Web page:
When it comes to small appliances, there are gadgets and gizmos aplenty (to quote The Little Mermaid), but shoppers are smart about what products they let become a part of their world (c’mon, I had to).
Mintel, in a report late last year, notes a handful of factors that make small appliance ownership a “long purchase cycle” for customers, and a challenge for manufacturers and retailers who want more sales growth.
What motivates small appliance purchases?
- I won’t use it: Small appliances may have features that seem cool, but customers have a good sense of what they’ll really use day-in and day-out.
- I already have it: Customers may have another appliance that already does what the new thing does. Think of double—or triple!—duty items, like a mixer with a spiralizer attachment or a coffee maker that handles drip cycles and pods.
- I don’t want it: Today’s customers, more than previous generations, have lifestyles that are curated, considered, and well researched (thanks, internet). Is it the minimalism movement? Kind of, but it doesn’t have to be that extreme: they may just live in urban environments with smaller kitchens. And small kitchen or not, no one wants countertop clutter.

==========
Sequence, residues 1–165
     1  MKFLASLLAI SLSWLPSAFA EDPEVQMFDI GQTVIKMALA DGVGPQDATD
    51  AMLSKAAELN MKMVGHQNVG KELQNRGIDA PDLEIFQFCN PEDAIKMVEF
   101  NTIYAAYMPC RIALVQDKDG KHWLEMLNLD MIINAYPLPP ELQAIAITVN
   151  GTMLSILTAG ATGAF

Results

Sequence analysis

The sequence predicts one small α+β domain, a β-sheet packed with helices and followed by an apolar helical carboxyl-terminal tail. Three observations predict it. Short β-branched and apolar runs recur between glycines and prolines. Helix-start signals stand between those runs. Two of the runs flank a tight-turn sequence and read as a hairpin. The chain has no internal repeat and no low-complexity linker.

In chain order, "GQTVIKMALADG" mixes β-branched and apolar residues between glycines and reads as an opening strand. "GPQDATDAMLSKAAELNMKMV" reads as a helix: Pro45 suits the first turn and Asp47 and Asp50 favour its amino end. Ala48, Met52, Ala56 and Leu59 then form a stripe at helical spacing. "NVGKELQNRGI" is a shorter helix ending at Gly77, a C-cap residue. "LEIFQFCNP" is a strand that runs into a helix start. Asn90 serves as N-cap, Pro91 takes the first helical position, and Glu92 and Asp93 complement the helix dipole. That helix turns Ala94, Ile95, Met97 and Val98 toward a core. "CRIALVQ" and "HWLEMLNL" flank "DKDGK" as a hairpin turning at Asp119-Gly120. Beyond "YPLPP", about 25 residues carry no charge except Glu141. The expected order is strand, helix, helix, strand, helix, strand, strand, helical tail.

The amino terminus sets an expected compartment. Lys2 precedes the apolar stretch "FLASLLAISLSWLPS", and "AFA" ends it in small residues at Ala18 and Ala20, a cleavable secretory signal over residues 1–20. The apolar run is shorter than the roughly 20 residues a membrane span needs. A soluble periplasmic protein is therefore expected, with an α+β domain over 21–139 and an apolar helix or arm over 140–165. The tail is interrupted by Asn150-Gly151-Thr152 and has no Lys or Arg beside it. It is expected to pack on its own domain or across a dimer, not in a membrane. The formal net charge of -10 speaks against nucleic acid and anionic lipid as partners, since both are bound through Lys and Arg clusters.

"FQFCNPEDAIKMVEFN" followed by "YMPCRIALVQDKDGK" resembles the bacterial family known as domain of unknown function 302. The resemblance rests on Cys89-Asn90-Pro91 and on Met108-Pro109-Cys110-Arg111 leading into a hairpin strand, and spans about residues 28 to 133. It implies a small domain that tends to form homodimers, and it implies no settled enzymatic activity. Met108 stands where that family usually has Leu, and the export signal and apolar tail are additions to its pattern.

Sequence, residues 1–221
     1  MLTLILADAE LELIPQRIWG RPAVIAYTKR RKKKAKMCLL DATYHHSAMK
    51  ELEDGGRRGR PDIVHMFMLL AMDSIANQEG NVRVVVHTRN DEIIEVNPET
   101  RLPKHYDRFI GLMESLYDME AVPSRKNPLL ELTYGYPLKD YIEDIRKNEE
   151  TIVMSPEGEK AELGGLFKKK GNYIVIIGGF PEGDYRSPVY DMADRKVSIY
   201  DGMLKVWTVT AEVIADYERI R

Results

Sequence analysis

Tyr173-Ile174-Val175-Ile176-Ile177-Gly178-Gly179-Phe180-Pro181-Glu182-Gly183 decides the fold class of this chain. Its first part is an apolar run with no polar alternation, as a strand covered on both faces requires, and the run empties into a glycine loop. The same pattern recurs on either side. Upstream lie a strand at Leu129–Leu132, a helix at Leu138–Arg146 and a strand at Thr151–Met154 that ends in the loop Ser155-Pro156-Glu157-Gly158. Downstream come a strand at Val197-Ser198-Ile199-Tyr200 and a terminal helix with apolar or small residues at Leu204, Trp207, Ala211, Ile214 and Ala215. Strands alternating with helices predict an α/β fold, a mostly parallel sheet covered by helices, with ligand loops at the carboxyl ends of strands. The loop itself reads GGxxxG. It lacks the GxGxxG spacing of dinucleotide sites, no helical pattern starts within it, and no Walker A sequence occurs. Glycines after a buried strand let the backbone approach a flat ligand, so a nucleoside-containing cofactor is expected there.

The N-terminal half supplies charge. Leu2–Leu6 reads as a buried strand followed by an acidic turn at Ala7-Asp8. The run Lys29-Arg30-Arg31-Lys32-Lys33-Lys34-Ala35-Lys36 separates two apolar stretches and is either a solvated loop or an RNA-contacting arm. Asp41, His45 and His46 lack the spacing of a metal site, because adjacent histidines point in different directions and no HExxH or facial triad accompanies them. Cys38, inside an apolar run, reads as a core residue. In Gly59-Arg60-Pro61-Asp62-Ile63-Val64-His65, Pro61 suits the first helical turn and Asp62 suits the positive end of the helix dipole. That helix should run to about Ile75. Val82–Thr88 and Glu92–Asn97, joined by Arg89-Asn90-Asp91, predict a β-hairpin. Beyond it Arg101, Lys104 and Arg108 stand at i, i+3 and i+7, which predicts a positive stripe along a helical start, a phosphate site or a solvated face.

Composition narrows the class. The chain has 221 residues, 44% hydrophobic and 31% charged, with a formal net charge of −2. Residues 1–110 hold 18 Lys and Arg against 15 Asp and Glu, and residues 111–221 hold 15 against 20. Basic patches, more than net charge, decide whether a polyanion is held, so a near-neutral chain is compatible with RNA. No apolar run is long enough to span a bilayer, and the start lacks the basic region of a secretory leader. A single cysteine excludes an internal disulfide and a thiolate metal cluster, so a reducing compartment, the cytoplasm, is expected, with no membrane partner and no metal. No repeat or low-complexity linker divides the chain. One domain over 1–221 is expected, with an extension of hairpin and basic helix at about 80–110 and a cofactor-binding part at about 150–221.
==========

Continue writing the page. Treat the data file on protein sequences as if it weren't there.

The areas where manufacturers and retailers can eek out more sales lie with new users and customers who want a legit upgrade, based on useful, worth-it features or because their old items are on their last legs. This activity occurs, in a very focused way, with wedding registries! (Another segment of the industry we do work in, and are wild about).
To test out Mintel’s consumer insights and get a sense of how customers really shop for small appliances these days, we interviewed Vince Bonanno, a newlywed and Account Executive at Kreber.
First, the demographics: Vince and his wife, Leigh, got married last September and live in Columbus, Ohio. Their house has a medium-sized kitchen with lots of precious counter space. (In fact, Vince says the kitchen island and the counters were one of the reasons they chose the house). And the behaviors: they cook a lot, opting for take-out only on nights when they’re tired from a long day.
The shopping habits of relatives can influence registries